Next Sunday is the 26th Sunday in Year B of the lectionary cycle with the Gospel reading be taken from Mark 9:38-48. As in the gospel of last Sunday, this gospel also continues the teaching and preparation of the disciples. In this passage it seems clear that Jesus is pointing out some of the problems that the community will face – and many of them can be understood as problems of the human condition. The concerns of this coming Sunday’s passage are: (1) ambition among themselves (vv. 33–37); (2) envy and intolerance of others (vv. 38–41); and (3) scandalizing others (vv. 42–48).
It is good to remember that Jesus has just said to the Twelve: “Whoever receives one child such as this in my name, receives me; and whoever receives me, receives not me but the one who sent me.” In this Sunday’s gospel it would seem the children are still present in the scene, as Jesus says, “Whoever causes one of these little ones who believe in me to sin….” (Mt 9:42)In our time we have a different view of children. We hold children to be innocent and precious. This does not seem to have been the view of 1st century. In ancient culture, children had no status. They were subject to the authority of their fathers, viewed as little more than property. Perkins [p. 637] writes: “… the child in antiquity was a non-person…Children should have been with the women, not hanging around the teacher and his students (cf. 10:13-16). To say that those who receive Jesus receive God does not constitute a problem. A person’s emissary was commonly understood to be like the one who sent him. But to insist that receiving a child might have some value for male disciples is almost inconceivable.” Perkins is pointing out that Jesus is telling the disciples that while there are times they will indeed be Jesus’ emissaries, but this is not the problem at hand. The problem is that the Twelve cannot conceive of welcoming the least important people in society, those ranked lowest in human convention. Yet Jesus is saying, “you’ll need to work your way down to the most marginal and lowest (by human convention) in order to find me. I am last of all.” The Kingdom of God involves giving status to those who have none. The disciples are not to be like children, but to be like Jesus who embraces the child, the one held to be least of all in human convention.
38 John said to him, “Teacher, we saw someone driving out demons in your name, and we tried to prevent him because he does not follow us.” 39 Jesus replied, “Do not prevent him. There is no one who performs a mighty deed in my name who can at the same time speak ill of me. 40 For whoever is not against us is for us. 41 Anyone who gives you a cup of water to drink because you belong to Christ, amen, I say to you, will surely not lose his reward. 42 “Whoever causes one of these little ones who believe (in me) to sin, it would be better for him if a great millstone were put around his neck and he were thrown into the sea. 43 If your hand causes you to sin, cut it off. It is better for you to enter into life maimed than with two hands to go into Gehenna, into the unquenchable fire. 44 …. 45 And if your foot causes you to sin, cut it off. It is better for you to enter into life crippled than with two feet to be thrown into Gehenna… 46…47 And if your eye causes you to sin, pluck it out. Better for you to enter into the kingdom of God with one eye than with two eyes to be thrown into Gehenna, 48 where ‘their worm does not die, and the fire is not quenched.’ (Mark 9:38–48)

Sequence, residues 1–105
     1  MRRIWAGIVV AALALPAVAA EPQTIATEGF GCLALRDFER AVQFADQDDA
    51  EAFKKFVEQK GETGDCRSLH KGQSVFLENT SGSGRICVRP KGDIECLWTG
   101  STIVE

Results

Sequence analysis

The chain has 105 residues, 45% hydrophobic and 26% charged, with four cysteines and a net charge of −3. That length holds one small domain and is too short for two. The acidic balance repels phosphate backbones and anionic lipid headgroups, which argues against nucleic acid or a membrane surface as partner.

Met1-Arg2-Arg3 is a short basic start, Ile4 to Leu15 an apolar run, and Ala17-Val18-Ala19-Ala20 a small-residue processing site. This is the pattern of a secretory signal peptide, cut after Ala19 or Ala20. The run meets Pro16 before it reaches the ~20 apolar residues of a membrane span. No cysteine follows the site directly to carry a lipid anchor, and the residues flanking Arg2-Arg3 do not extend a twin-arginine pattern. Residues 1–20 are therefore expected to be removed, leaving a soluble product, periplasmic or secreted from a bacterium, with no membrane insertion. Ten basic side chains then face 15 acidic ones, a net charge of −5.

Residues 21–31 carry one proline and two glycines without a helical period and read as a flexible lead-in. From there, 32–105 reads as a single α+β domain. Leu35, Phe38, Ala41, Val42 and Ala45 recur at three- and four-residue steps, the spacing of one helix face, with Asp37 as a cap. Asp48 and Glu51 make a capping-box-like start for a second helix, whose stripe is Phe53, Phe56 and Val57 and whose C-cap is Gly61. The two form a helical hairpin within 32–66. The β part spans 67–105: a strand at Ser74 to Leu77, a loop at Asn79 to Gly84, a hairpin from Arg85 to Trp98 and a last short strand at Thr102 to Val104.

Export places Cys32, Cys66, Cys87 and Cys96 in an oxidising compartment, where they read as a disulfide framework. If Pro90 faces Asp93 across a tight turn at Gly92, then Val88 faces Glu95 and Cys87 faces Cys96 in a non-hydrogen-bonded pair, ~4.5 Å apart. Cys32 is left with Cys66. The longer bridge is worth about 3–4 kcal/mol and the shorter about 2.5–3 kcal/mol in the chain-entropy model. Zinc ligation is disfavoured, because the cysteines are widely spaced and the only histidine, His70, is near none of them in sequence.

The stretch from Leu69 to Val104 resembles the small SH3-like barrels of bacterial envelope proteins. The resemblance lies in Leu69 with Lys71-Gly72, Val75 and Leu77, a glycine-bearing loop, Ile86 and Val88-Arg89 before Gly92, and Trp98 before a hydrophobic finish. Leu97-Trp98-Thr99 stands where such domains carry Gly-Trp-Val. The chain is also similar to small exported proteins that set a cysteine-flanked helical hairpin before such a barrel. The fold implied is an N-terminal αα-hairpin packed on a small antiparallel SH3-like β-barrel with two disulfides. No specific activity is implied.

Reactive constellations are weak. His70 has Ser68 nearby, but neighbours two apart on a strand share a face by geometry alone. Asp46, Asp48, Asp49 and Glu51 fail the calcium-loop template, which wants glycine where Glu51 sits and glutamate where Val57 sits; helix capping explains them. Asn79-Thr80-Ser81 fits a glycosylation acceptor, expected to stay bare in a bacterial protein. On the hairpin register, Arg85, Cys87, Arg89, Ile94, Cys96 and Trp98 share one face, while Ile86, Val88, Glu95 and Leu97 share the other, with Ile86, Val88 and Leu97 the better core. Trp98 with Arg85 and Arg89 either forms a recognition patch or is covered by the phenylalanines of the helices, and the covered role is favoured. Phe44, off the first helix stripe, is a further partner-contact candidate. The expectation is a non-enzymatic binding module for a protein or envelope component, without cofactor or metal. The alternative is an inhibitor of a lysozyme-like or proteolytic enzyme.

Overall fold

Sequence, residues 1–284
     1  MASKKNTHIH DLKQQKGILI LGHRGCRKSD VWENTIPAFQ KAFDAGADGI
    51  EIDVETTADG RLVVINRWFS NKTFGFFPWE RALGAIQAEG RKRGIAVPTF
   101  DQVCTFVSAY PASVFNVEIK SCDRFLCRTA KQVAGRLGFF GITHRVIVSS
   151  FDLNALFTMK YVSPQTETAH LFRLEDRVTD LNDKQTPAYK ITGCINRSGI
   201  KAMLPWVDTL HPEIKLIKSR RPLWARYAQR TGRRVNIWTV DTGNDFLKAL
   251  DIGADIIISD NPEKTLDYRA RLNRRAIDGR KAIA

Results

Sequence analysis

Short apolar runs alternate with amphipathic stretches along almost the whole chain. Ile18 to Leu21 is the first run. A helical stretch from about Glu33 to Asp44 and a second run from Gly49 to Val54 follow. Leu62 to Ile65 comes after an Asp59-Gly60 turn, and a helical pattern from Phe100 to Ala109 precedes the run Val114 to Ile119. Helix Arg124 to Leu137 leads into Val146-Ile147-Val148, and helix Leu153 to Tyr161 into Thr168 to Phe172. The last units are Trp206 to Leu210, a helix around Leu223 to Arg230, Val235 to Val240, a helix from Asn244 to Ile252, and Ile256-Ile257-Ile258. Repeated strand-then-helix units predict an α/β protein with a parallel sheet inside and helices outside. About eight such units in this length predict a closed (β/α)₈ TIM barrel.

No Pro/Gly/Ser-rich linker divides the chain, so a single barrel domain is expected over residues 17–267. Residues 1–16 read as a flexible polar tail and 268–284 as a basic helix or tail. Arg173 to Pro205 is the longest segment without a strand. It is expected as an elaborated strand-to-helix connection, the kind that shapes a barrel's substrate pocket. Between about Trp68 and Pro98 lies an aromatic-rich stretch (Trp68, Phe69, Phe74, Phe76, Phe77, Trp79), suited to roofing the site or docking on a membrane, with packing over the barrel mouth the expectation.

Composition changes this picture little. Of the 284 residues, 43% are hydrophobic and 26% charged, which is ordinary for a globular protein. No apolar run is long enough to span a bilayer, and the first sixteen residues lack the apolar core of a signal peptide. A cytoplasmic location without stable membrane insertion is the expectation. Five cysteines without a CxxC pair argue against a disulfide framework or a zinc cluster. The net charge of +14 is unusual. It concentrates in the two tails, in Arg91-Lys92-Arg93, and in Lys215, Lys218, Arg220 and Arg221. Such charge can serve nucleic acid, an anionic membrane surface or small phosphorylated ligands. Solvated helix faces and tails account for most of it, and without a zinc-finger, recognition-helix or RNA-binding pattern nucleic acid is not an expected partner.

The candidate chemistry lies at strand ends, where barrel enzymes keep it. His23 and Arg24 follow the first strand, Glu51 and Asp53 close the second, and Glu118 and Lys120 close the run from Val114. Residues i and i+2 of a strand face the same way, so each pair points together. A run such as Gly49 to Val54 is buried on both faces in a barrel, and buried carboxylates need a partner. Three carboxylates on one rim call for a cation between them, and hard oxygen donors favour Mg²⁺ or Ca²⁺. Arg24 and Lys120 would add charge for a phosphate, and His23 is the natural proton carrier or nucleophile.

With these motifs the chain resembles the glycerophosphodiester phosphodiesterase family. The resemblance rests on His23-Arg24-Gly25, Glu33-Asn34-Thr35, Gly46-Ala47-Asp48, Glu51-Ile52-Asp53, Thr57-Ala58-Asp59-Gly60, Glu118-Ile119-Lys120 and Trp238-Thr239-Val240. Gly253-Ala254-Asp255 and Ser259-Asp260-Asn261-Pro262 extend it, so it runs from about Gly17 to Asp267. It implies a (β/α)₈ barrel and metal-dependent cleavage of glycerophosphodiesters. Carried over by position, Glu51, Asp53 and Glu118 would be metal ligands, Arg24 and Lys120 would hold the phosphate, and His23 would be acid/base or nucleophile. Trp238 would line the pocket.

The key phrase that has importance for this Sunday’s gospel is: “in my name.” The issue of unauthorized prophets appears in the Old Testament as well (Numbers 11:26–30). Use of the “name of Jesus” played an important role in the early church (Acts 3:6, 16; 4:7, 10, 30; James 5:14). The phrase denotes the source of power, but it also will reveal the sense of who is “inside” and who is “outside.” In last Sunday’s gospel, Jesus pulls a child “inside” and bids the Twelve to welcome and include the child. In this Sunday’s gospel we will see how well the lesson was received.
The word “name” occurs frequently in chapter 9:
- Whoever welcomes one such child in my name.. (v. 37)
- …someone driving out demons in your name… (v. 38)
- …no one who performs a mighty deed in my name… (v. 39)
- …whoever gives you a cup of water to because you belong to Christ… [the literal translation of this verse is “because you bear the name of Christ.”] (v. 41)
“In Jesus’ name” seems to indicate the motivation by which one does something — welcoming a child, casting out demons, doing mighty deeds. Bearing the name of Christ and acting in Christ’s name seems to indicate belonging to Christ or acting as a representative of Christ or perhaps even, being Christ’s presence. But as Stoffregen notes, Mk 13:6 states: “Many will come in my name saying, ‘I am he!’ and they will deceive many.” How do we know if those who act in Christ’s name really belong to Christ or are leading us astray? One way that the early church tried to assure the people that their ordained leaders were truly acting “in Christ’s name” was that all pastors had to be ordained, and thus certified to be orthodox by bishops; and all new bishops needed at least three older bishops to certify that the new ones were orthodox in their beliefs and actions.